“I don't trust people who don't love themselves and tell me, 'I love you.' ... There is an African saying which is: Be careful when a naked person offers you a shirt.” - Maya Angelou
This notion has been a salient theme for me my whole life, and probably for many of you as well. It's no surprise how I ended up a therapist. By nature, I'm inclined to take in those in need. I want to put salve on everybody's emotional wounds, and tend to their brokenness, and I have historically not always been careful about my boundaries when doing so, especially in romantic relationships. I've found myself in some pretty messed up situations here and there as a result of my desire to "fix"people I care about. I think in some ways it makes me a better counselor, since I certainly can't judge anyone else for their well-intended errors in judgment, but that doesn't mean I want to continue this pattern of behavior. I have learned over the years to identify and back away from these sorts of situations and hopefully I can help other people to do the same.
Professionally, my boundaries are quite clear and easy to maintain. But when I truly care about someone on a personal level, it becomes difficult not to take on their pain and the weight of their emotional burdens. I want to "fix" people I care about, and help them to love themselves and to see in themselves the good that I see. And my hubris is evident in the conviction that I know I can help them.
The intention behind this is positive, of course. If I am able to help someone, I feel obligated as a human being to do so. Frankly, I think everybody should to some extent feel responsibility for the happiness of their fellow humans. That's not problematic in and of itself. In my case, I am lucky that my career allows for a lot of helping and emotional burden-sharing, so when I am healthy and balanced and seeing clearly, I have this inclination fully met at work. People like me who work in jobs where this need to help isn't met are going to be harder-pressed to find outlets for it.
It's in the arena of intimate relationships that a desire to "save" or "fix" becomes a real issue, and where I see many other people making this same mistake. It is simply true, as the late Dr. Angelou states so succinctly, that if someone does not love him or herself, he cannot love someone else with any real authenticity.
So when we enter into a love relationship with someone who is imbalanced or unhealthy or simply does not believe him or herself worthy of love, the end result is we become responsible for their emotional well-being. We as the ostensibly stronger partner become a source of strength and a "need" for the person. In an intimate relationship, this is an inherently imbalanced and unhealthy dynamic insofar as it is a crutch that allows a person to continue walking around without a shirt on, to extend the metaphor. Any "love" this person offers is not sourced from a place of genuine happiness, so to some extent it simply cannot be trusted. When a person who does not love himself says "I love you", it can be translated to something more akin to "I love how you make me feel better about myself" or "I need you to feel whole" or "thank you for loving me, because I do not know how to love myself."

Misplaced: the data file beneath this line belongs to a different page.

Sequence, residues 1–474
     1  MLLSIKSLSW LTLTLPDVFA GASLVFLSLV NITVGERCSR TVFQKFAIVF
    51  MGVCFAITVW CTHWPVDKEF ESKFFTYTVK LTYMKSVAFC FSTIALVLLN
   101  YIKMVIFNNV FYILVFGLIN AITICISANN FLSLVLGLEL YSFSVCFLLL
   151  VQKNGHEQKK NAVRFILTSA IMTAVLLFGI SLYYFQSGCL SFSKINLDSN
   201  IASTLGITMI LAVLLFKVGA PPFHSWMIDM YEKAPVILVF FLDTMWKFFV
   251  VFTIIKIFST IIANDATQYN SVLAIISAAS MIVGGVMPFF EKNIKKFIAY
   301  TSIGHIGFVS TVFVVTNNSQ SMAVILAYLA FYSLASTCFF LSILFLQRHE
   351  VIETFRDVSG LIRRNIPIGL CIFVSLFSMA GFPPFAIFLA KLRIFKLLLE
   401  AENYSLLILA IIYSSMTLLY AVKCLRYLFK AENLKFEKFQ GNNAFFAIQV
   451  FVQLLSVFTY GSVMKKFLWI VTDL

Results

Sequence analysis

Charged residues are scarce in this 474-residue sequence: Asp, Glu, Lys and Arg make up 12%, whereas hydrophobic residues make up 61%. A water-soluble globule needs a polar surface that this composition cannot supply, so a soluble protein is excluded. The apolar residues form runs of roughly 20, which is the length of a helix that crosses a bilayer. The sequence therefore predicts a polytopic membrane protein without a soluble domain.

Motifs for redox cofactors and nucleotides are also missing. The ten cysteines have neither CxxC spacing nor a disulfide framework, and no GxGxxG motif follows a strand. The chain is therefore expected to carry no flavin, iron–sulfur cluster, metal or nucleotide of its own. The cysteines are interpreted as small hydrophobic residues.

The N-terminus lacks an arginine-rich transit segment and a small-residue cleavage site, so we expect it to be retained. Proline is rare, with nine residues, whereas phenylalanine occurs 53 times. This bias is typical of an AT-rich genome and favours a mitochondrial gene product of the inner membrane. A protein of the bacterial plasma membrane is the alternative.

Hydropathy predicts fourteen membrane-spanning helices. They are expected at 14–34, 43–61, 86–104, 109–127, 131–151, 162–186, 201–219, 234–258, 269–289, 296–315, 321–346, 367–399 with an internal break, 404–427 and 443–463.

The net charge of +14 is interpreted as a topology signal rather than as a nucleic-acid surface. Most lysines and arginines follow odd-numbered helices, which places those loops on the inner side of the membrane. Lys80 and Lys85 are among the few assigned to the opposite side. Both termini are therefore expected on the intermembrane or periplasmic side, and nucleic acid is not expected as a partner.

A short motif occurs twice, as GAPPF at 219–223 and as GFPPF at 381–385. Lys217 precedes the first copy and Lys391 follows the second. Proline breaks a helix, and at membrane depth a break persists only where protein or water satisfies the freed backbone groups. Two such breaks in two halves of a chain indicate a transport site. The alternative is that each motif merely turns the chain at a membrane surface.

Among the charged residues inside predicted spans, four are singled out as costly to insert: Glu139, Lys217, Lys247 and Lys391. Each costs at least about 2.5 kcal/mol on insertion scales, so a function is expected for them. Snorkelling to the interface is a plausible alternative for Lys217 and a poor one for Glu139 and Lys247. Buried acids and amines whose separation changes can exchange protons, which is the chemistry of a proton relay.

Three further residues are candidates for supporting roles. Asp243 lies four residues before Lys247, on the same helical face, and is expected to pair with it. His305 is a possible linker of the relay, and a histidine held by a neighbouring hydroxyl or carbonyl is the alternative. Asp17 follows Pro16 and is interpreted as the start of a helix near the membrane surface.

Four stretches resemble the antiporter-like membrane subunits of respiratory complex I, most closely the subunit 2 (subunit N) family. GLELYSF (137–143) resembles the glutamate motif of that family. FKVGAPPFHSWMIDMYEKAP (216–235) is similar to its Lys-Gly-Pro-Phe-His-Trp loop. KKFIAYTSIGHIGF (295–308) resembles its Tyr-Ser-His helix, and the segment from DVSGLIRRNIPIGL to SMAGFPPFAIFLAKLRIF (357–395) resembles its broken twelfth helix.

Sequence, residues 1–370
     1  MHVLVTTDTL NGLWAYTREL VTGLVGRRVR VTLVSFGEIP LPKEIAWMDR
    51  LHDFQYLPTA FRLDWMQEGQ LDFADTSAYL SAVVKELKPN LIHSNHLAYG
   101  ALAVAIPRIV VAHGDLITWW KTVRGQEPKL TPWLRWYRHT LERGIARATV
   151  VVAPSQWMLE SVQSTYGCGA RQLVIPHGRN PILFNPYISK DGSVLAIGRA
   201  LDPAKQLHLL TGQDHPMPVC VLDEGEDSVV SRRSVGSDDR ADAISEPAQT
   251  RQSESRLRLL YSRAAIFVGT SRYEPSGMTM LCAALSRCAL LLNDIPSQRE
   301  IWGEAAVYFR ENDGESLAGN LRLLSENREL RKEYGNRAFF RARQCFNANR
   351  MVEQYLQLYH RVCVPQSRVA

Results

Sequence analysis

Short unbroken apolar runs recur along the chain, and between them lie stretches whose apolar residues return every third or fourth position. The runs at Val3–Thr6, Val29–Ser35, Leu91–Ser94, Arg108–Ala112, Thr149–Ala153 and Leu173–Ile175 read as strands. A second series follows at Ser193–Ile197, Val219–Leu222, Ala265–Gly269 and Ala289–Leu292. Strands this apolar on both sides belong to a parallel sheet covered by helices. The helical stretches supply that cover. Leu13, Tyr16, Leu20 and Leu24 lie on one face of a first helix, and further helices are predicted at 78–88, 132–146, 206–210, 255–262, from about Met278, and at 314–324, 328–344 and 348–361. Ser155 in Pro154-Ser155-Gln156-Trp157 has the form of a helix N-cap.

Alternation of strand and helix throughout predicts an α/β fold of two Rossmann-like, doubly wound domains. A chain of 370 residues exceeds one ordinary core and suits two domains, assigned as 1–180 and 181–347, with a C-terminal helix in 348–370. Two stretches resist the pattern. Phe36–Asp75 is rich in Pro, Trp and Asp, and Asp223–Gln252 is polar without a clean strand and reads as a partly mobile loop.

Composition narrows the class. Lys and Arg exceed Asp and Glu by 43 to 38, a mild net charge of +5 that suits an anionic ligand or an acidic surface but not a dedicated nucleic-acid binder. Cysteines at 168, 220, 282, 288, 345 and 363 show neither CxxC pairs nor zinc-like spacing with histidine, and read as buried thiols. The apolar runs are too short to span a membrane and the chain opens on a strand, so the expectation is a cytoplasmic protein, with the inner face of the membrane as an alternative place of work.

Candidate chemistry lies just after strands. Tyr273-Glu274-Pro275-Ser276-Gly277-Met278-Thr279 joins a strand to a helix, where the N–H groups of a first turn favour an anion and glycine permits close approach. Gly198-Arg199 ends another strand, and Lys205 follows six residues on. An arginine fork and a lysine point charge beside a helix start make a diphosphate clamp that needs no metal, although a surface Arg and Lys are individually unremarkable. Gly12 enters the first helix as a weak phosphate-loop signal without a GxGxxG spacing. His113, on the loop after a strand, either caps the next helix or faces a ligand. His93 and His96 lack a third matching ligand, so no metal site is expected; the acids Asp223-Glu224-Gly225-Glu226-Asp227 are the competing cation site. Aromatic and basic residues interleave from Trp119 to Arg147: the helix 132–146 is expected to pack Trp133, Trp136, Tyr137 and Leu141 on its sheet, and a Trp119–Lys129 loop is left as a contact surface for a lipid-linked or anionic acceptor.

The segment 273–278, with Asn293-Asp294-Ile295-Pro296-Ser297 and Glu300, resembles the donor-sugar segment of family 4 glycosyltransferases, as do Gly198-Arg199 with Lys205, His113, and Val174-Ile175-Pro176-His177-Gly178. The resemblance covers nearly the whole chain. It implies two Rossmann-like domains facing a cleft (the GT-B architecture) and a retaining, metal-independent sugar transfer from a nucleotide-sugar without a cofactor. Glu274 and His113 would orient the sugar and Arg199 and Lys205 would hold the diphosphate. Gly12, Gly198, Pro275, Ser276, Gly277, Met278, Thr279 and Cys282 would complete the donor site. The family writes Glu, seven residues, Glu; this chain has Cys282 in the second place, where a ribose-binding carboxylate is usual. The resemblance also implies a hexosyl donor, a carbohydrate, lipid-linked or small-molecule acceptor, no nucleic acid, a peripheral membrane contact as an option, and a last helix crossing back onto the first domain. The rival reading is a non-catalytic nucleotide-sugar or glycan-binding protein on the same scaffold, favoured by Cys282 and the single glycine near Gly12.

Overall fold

In my work and personal life, I observe other people doing this all the time. Some of us are just attracted to "projects". You know, those broken souls that really need us to help them. This is highly attractive to those of us who are emotional givers and healers, because in helping them, we find a sense of value and satisfaction. It also allows us, conveniently, the option to focus on their issues and avoid dealing with our own. Sometimes we don't even know that that is happening until we are full-on in a Relationship (or to a lesser degree this can happen in a friendship as well. It just tends to be more evident when a friendship is imbalanced). We may feel like we are the best thing for this person. The notions "I'm the only one who really understands her" or "He needs me" can be extremely compelling.
What we really do in these scenarios, however, is do ourselves and our partner a disservice. We are selling ourselves short by investing in someone who simply hasn't the capacity to love us back fully because he hasn't learned to love himself yet. And we are enabling the person we care about to use our love as a crutch to prop her up and provide her with a sense of worth. The hard lesson is: it is not my job to make you feel better about yourself. Neither is it yours for me. The only way we can have a healthy relationship is if we meet at the intersection halfway between our own respective self-loves and self-awareness. The only true intimacy will be found when we are both whole and both bringing our full, best, authentic selves. Or, another way to put it: when we both have our own shirts on.
Here are some other thoughts about this: need and want are vastly different things. I posted a TED talk a couple of weeks ago highlighting how this difference can account for long-term satisfaction in relationships (relating specifically to erotic desire). Only a person who knows, loves, and accepts himself fully and authentically can feel comfortable in vulnerability and intimacy. A person who wants you in his life because you are good to each other and make one another's lives more satisfying is a person worth investing in. However, if you feel "needed", there is a strong probability that there is some unhealthy or codependent stuff going on in the relationship. Need is a burden, whereas want or desire is a gift. Sometimes it is difficult to tell the difference, but that's part of the work we need to do in order to position ourselves to have the kind of relationships we deserve.